It so happened that the number of goats was increased, as “Temperance” brought forth her first-born kid two or three days before the boat landed at Yokohama. The new little kid was given the name of “Purity.” Arrangements were made for the goats to go into the W.C.T.U. Rescue Home for Girls in Tokyo, where they were admired and were very welcome. Now they are furnishing milk for the girls at this home.

Watch for more of these snippets next year as Heifer International celebrates their 75th anniversary.

Waste not? or Want not?

Captains and/or seagoing cowboy supervisors had a decision to make: what to do with all that manure their four-legged charges produced! Do we not waste it? Or do we not want it? If a Captain was altruistic, he might let the manure accumulate on the voyage and be offloaded at the destination for use as fertilizer. Many a cowboy with such a Captain said that by the time they reached their destination, the back ends of their animals were higher than their front ends.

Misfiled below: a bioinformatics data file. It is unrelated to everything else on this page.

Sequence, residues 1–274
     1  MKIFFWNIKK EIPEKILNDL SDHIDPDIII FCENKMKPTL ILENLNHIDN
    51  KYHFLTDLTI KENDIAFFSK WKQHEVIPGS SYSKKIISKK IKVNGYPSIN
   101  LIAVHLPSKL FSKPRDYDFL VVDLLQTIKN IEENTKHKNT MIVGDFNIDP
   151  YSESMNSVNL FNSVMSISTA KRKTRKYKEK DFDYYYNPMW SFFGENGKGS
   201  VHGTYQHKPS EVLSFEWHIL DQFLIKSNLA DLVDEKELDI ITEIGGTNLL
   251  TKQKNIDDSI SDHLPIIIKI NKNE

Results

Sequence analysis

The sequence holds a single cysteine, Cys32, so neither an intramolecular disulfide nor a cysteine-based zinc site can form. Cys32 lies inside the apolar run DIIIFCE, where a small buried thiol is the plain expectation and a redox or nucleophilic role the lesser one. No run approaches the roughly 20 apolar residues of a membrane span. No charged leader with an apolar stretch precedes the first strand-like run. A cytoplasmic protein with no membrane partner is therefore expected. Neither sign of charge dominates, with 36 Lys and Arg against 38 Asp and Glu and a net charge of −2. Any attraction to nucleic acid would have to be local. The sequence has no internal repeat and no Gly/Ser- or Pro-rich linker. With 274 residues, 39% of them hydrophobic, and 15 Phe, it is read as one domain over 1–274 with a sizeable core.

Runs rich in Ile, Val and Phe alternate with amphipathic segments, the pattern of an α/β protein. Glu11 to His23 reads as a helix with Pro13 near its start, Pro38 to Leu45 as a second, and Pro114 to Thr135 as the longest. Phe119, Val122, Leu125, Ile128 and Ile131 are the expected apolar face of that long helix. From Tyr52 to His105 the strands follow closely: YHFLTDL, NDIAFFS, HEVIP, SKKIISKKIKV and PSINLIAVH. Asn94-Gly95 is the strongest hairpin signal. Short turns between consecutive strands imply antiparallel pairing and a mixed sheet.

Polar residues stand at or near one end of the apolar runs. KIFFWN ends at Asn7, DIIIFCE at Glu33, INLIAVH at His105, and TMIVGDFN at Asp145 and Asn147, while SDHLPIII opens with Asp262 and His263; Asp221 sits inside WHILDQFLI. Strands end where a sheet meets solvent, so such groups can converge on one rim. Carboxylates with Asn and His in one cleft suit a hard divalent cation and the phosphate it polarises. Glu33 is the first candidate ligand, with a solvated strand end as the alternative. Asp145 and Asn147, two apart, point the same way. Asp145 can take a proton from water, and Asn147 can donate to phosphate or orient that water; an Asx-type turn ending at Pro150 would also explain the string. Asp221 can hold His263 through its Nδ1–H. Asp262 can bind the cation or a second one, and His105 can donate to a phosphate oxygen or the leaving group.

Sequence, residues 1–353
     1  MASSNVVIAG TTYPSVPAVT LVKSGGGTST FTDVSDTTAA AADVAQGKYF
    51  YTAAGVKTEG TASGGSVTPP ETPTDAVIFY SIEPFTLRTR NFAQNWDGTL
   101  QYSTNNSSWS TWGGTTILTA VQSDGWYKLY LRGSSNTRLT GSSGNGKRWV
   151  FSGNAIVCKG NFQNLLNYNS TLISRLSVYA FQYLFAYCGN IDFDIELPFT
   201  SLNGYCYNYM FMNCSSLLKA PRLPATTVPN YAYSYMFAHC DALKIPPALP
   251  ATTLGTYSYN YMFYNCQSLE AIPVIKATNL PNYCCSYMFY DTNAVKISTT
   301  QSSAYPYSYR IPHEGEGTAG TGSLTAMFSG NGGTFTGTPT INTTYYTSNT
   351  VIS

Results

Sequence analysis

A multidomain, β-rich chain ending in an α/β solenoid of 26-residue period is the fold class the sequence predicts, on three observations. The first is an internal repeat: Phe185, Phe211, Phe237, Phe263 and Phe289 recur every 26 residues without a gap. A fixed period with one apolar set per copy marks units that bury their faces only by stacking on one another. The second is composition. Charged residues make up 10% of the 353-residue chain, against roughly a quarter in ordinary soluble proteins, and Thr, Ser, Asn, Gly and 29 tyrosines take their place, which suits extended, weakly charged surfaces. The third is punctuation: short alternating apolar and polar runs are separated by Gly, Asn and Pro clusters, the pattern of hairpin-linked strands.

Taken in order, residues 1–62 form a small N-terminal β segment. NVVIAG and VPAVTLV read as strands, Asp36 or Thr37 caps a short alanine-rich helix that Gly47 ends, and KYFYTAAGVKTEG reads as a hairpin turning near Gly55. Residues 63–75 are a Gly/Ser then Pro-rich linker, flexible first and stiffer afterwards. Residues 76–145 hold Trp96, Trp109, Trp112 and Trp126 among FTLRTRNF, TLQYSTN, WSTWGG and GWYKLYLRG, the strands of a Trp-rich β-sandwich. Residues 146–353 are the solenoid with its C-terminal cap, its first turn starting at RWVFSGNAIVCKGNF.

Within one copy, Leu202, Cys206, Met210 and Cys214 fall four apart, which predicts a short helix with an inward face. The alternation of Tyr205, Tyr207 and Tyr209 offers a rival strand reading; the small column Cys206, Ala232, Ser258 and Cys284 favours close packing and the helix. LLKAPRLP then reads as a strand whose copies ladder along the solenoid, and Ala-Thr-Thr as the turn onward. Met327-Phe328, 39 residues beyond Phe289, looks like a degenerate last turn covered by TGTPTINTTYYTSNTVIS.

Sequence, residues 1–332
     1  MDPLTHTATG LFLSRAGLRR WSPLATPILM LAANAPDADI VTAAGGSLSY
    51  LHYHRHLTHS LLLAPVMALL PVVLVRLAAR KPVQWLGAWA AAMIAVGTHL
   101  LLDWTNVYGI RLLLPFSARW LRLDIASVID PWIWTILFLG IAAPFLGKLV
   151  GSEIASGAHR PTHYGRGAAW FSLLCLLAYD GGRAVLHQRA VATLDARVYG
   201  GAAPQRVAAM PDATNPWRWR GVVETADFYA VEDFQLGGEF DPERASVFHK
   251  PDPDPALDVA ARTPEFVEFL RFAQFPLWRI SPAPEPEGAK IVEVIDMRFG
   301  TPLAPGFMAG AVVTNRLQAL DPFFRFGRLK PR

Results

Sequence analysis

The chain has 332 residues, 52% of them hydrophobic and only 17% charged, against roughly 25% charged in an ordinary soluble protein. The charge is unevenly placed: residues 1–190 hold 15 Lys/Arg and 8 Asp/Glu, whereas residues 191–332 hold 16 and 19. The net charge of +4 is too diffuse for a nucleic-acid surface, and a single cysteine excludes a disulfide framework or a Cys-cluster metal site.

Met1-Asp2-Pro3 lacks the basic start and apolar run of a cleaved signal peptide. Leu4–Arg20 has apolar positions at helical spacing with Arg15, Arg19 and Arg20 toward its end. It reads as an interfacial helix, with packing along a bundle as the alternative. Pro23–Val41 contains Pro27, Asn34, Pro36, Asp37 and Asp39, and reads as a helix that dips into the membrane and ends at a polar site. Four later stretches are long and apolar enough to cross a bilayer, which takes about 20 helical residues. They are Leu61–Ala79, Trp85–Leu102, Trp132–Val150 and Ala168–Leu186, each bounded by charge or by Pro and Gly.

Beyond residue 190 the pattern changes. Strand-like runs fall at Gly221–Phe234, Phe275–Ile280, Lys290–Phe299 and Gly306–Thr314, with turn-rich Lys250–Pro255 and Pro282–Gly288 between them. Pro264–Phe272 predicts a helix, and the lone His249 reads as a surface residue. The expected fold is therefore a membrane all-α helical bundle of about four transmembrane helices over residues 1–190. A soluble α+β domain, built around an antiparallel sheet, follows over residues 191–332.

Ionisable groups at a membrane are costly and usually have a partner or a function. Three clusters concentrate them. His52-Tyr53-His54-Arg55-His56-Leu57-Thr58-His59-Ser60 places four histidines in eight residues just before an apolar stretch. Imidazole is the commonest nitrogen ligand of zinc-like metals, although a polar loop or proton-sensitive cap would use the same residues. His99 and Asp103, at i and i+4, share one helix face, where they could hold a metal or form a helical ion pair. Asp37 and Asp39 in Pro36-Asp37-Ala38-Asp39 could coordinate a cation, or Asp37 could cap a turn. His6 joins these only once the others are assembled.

Manure offloaded from the S. S. Bucknell Victory in Nowy Port, Poland, February 1946. Rich cargo for the Polish farmers. Photo: Harold Thut.

If the Captain liked his vessel “shipshape,” however, he may give the order to “Keep those stalls clean!” – in whatever way the cowboys could manage.

Cowboys Guhr and Brenneman pull up manure on the S. S. John J. Crittenden, November 1945. Photo: Ernest Bachman.

Luke Bomberger pitches manure overboard en route to China on the S. S. Boulder Victory, February 1947. Photo: Eugene Souder.

The very first UNRRA livestock trip, on the S. S. F. J. Luckenbach, was one on which the cowboys cleaned their stalls. College students Gordon Bucher and Ken Frantz worked on the top deck. They recalled an incident when they had thrown manure over the rail just as an older cowboy (whom I will not name) had stuck his head out a porthole right below. The joke of the trip became, “My name is (unnamed cowboy). What did YOU see when you looked out the porthole?”

Manure overboard! It didn’t all make it to Poland. Bucknell Victory, February 1946. Photo: Harold Thut.

Seagoing cowboy Ernest Williams, who in 1954 accompanied the 36th load of heifers sent to Germany for the Heifer Project, relates this story: